Career paths are rarely preordained. Instead, they might develop around hobbies, interests and learned skills until an opportunity appears that’s a perfect fit. That’s what happened for Rick Hederstrom.
Rick started out as a young golf-pro-hopeful and detoured into drafting car designs.
Rick had actually gotten his degree in ethnobotany, the study of the relationships that exist between plants and people, at prestigious Connecticut College. Through what he called divine intervention, he received enough financial grants to fully cover the staggering $43,000 yearly tuition.
Grounded in a strong Catholic faith and kinship with the outdoors and nature, Rick is fascinated with the healing qualities of plants. That led him to pursue ethnobotany, figuring it had more long-term career potential than practicing on golf greens or drawing concept cars indoors at a drafting table.
“I was initially most interested in plants’ usefulness as medicine and perhaps playing a role in developing new treatments and cures from plants,” he said.
When the chance came to study abroad in his junior year, he wound up in the Peruvian Andes and rainforest for three months — immersed in fieldwork with the people of Cuzco and the outlying lowlands, learning how they used plants in everyday life.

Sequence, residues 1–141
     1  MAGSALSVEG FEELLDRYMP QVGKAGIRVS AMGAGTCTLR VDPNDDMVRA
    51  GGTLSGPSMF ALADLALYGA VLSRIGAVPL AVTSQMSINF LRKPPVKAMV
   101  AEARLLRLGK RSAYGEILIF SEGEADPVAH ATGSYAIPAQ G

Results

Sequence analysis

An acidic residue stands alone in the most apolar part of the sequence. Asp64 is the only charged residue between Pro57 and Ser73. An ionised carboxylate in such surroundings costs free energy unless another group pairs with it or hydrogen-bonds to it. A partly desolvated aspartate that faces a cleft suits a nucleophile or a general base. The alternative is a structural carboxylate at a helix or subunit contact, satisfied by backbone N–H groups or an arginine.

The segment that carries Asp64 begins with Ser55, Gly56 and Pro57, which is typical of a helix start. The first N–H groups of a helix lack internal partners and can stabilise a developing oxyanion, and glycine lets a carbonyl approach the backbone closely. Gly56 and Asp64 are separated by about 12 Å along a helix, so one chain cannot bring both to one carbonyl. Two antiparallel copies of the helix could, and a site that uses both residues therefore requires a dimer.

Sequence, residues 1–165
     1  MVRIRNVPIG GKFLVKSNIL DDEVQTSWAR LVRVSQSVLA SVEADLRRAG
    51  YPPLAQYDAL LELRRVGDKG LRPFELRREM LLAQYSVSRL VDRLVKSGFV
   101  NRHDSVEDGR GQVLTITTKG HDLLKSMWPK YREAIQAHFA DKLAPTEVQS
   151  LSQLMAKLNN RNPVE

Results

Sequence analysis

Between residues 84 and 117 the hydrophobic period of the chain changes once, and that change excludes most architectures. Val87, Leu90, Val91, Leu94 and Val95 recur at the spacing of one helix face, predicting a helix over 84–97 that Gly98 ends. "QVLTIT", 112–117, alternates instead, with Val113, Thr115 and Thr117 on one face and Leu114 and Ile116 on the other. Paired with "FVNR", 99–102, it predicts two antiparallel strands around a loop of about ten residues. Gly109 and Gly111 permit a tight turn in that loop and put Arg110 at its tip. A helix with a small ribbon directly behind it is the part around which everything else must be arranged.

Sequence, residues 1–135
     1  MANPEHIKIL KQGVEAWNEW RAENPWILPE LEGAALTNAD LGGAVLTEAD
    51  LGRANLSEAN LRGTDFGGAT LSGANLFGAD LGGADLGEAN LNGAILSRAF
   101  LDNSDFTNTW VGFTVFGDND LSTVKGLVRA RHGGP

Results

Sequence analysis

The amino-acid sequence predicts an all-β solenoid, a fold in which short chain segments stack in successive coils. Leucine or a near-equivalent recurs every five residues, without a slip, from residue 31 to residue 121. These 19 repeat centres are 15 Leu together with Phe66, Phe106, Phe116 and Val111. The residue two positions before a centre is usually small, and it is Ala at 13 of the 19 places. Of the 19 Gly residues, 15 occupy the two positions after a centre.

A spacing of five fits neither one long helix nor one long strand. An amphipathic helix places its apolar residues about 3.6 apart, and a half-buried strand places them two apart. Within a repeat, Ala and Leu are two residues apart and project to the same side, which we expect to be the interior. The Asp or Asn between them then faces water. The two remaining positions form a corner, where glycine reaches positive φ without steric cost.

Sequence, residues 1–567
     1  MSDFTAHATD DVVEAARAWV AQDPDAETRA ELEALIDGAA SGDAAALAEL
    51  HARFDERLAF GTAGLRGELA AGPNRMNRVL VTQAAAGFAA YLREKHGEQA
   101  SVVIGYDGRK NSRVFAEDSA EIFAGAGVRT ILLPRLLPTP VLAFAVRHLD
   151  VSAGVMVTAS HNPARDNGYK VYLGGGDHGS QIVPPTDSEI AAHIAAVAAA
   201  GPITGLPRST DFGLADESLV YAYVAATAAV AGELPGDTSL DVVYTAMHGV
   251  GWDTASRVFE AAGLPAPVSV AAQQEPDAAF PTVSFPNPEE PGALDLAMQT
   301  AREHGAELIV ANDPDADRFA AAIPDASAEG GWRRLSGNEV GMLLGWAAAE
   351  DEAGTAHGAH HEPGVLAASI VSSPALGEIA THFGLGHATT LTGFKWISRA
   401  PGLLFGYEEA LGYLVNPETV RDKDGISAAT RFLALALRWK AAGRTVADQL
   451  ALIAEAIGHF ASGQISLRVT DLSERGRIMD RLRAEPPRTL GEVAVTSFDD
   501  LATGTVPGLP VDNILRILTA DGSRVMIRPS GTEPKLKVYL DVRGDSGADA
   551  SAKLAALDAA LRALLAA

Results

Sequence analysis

“For [Peruvians], the use of plants is a very serious ritual experience and forms the basis of their world view,” Rick explained. “Ayahuasca, a mixture of certain plants, is intensely spiritual, hallucinogenic and is conducive to a positive healing or state of peace.”
The Botanic Gardens at Kona Kai strive to blend enrichment, enlightenment, education and enjoyment. Today, as the facility’s associate director, Rick offers insights to visitors into the crucial roles plants play in our survival.
Guests touring the gardens learn that each living, breathing organism has a name, a story to tell and a complexity and beauty beyond being just a lovely green object. They also can sample delicious fruits he selects from the tropical fruit garden.
“Coconut water from the coconut palms’ fruit provides a valuable source of fresh water, and can substitute as intravenous fluid for hydration,” Rick said, “because it is sterile and has the right balance of minerals and electrolytes.”
As well as sharing his knowledge, his job includes inventorying the gardens’ plant collections, photographing and noting their condition as well as their flowering and fruiting, and choosing new plants to be added to the collections as planning continues for the facility’s future. He also pens a blog titled “The Diary of the Botanic Gardens at Kona Kai.”
Rick spends much of his free time at home in spiritual or religious reading, prayer and meditation, or attending Mass and participating in activities at the Upper Keys’ San Pedro Catholic Church.
On another note, he admits to a whimsical desire to deejay in the Keys, mixing a variety of electronic music. But for now, he’s satisfied with motorcycle rides, exercising and spending time around the water.
“I feel great when I am outdoors, in communion with nature — God’s manifestation in its purest form,” he said.